A good film for those who want to see something of Provence in the South of France. It is also enjoyable for those tourists who have spent some months there to resee their familiar scenes and hear the familiar remarks. Otherwise, to be seen only if necessary. The film, of course, was expected to be a winner with its straight sequence as in poker: Ridley Scott, Russell Crowe, Cotilde (of Piaf film), Albert Finney and Peter Mayle, the novelist. So why did it fail to win? Because one expects more to excite one. As director and actors did their best it must be because Peter Mayles' story telling never rose to a captivating and emotional level that swept the viewer along. Mayle's story was more of a very professional advertiser's contribution to the French Tourist Board promotion film for Provence (in this remark one must assume that Mayle's story is in most ways faithfully represented in the script). Peter Mayle knows well his Provence and other areas in the South of France. He also knows Russell Crowe's choice to switch jobs as Mayle himself resigned from a highly paid executive position in an advertising company in order to live in Provence, whence came the most popular and most enjoyable of his books: A Year in Provence. Sadly his following books never reached anywhere near the promise of this first book. But by his first book he became even richer. The story shows all the set theatre pieces, a sort of travalogue: postcard views of gentle hills with well ordered vines on the slopes against a clear blue azur sky, learned talk on assessing wine's qualities and even pointing to corruption in the wine trade, the picturesque views of a village and its restaurant. Of course, there is the eccentric Frenchmen, responsible for the wine production, impassioned by his wine making and provincial traditional cooking (wild boar). The there is the local beauty (Cotilde) succumbing to Crowe's virility. A sex scene that Russell Crowe handles like a watered down version for children. Peter French provides the philosophical views of living in Provence for his young nephew Crowe, who, later when grown up, chooses money and the excitement of taking casino banking risks to make many millions. Crowe's love of the financial life requires that he quickly sell the provincial property inherited from his uncle Finney. But the story here as elsewhere is standard stuff, not intriguing, nor captivating. Even though Mayle throws in an attractive oenologue from Napa Valley who turns out to be an illegitimate daughter of uncle Finney and so has legal claims - all to spice up the story. Sex with the local girl Cotilde is also added spice, disappointingly tame, and this later awakens Crowe's child memories with uncle Finney. All this somehow turns his mind back to uncle Finney's view of a pleasant, stressless life in Provence (Bandol here, between Marseille and Toulon on the Mediterranean coast). Such a life as Finney leads is really to be preferred to a hectic, back stabbing financial career albeit with enormous bonuses and other rewards (a partnership was later offered to Crowe). Crowe's final choice of uncle Finney's Bandol house with childhood memories and a new life for him has to be taken or left by the viewer. Peter Mayle as a story teller fails here to convince viewers by making clear his inner passions when he should know how it felt when he himself made just such a decision. No real passion behind Crowe's decision is seen and so the story line leaves one dissatisfied and unmoved. With so much talent in the poker straight to win, one still wonders why Peter Mayle' story failed to take off and grip one despite every one else doing a superb job.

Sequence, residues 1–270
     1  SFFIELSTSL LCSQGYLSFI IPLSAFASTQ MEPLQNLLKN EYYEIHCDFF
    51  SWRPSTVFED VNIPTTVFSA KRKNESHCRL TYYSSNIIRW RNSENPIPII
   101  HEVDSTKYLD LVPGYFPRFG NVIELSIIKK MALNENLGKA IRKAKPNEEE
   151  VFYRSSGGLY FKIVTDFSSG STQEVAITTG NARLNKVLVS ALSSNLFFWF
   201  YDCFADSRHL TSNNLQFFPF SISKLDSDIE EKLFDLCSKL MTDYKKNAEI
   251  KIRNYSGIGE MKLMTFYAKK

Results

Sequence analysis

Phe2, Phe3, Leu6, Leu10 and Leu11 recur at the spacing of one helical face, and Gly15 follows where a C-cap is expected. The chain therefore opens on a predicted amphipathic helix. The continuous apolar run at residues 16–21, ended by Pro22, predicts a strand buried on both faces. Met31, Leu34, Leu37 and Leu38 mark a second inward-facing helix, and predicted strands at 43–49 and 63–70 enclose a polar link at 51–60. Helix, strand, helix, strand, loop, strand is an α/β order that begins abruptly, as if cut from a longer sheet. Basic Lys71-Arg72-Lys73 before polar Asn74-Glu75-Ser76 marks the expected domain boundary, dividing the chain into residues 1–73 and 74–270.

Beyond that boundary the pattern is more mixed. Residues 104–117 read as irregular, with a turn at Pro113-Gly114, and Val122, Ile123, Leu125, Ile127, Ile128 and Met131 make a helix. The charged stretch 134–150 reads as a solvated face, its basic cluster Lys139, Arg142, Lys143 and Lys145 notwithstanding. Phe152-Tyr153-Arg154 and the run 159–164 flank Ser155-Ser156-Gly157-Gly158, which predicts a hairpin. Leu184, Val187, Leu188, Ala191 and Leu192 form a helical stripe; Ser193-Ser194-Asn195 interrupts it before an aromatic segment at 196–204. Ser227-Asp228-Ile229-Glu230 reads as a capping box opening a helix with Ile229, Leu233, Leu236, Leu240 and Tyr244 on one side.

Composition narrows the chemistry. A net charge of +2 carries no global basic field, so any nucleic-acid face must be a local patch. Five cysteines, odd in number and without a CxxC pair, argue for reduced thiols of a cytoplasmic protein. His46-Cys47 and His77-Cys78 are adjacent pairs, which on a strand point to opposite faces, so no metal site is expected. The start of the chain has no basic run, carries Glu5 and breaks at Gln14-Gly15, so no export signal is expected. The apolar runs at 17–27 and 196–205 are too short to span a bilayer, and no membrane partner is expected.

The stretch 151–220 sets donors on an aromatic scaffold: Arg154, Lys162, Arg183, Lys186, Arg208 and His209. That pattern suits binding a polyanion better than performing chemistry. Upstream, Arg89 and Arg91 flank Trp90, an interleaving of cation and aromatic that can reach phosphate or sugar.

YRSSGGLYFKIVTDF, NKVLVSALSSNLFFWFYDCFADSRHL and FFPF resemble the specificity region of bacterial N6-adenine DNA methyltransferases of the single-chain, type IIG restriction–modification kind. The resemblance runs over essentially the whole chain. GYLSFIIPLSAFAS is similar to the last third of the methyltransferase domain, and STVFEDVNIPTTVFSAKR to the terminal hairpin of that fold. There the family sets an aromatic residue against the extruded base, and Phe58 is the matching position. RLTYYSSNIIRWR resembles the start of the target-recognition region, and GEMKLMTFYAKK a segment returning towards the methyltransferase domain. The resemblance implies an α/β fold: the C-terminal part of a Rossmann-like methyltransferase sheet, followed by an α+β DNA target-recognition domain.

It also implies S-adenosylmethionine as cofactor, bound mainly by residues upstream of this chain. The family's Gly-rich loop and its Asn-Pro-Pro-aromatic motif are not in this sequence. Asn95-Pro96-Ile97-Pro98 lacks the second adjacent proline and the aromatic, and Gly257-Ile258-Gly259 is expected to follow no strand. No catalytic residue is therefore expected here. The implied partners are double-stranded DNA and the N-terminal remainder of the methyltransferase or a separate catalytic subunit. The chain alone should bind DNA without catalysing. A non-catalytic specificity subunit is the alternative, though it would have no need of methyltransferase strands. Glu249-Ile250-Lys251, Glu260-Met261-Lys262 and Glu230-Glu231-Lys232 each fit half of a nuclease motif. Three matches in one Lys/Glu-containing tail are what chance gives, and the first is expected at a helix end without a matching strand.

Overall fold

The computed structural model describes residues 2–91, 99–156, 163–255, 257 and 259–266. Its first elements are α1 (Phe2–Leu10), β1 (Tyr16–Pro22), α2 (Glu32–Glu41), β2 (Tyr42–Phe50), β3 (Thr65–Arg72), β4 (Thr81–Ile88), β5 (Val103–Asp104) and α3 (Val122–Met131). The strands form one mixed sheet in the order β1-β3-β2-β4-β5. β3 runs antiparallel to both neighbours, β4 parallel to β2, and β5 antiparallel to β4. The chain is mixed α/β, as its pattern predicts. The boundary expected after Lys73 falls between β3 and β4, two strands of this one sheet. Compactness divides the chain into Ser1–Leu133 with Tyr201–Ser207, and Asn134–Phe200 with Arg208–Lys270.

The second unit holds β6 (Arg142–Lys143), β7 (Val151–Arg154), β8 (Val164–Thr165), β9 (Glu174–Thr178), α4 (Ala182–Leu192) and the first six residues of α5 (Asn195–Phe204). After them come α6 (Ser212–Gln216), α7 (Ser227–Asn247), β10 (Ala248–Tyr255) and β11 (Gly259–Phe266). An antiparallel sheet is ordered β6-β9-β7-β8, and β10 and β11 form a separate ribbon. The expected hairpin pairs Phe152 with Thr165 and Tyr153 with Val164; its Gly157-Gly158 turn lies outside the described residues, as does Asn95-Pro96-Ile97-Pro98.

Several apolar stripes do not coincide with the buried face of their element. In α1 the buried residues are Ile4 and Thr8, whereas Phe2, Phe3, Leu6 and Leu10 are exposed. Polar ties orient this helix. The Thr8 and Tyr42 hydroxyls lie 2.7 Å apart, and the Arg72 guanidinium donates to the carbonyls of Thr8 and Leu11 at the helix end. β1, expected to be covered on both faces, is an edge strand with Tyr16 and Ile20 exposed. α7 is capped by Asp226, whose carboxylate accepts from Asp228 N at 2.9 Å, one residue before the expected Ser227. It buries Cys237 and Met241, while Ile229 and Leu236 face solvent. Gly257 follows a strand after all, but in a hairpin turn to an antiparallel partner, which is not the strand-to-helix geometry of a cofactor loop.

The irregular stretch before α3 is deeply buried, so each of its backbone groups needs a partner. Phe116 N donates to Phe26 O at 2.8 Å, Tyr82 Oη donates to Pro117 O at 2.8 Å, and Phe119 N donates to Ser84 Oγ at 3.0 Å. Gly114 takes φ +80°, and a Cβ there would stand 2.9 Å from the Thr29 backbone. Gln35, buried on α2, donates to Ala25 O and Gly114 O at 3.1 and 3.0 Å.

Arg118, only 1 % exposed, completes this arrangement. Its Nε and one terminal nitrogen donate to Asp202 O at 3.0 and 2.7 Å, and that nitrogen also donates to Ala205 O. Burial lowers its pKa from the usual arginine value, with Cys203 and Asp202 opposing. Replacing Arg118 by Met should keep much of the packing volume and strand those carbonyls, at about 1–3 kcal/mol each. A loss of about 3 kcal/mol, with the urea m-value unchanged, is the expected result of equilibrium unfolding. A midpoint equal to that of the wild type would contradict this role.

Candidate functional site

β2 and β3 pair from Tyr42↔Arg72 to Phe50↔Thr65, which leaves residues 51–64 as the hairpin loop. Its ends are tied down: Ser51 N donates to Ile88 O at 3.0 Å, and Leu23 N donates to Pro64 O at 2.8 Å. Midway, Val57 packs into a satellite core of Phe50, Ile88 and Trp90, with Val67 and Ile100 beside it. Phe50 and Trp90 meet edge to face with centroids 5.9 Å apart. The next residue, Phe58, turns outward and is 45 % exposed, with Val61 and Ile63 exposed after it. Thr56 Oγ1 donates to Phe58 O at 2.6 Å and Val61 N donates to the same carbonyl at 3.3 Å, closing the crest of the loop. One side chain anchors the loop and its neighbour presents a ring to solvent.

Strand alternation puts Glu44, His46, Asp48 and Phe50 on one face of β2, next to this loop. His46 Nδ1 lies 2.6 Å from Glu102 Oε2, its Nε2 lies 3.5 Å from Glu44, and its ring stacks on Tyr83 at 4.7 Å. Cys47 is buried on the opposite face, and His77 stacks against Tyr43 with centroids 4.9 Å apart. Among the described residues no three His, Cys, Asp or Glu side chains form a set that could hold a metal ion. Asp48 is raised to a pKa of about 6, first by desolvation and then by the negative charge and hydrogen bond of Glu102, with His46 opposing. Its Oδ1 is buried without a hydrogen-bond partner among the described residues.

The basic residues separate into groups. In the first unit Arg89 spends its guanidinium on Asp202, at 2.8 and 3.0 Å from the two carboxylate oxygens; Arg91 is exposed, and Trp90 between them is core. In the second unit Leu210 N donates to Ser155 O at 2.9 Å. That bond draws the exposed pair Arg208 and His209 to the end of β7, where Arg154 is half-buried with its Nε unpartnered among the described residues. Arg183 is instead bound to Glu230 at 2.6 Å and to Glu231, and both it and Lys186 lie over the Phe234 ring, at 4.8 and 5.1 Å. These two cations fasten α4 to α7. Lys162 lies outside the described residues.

Satire, aimed at exposing with ridicule serious faults and behaviour that ignore the accepted morals of society, political, commercial and social, was the aim of Thackery. In the film, it would appear from your perspicuous commentator (anhedonia) that the satire has lost its bite. The director Mira Nair, born in Bhubaneshwar in the Orissa State on the East Coast of India somewhere south of Calcutta where Thacheray (1811-63) was born - a state of great historical religious and architectural culture - may have been contaminated by the film industry's quest for profits, in that she modernised the main character in to a more recognizable role. This was unfortunate (anhedonia is clearly right). It is perplexing that Beauty is associated with the exciting, fascinating personalities and the very dubious conduct of the main characters. The Ugly are linked to the money grubbing, speculative and lascivious behaviour of the seemingly successful persons in the English society. There we have a very biting satirical remark of Thackery that Mira Nair underscores. However, its hardly applicable to-day with the awful world of finance operated by good looking greedies. However, Mira Nair, despite the good photography and costumes and sets, seemed to lack the force of her direction that was so pungent in her Indian film Monsoon Wedding. The next Vanity Fair version will hopefully get it right!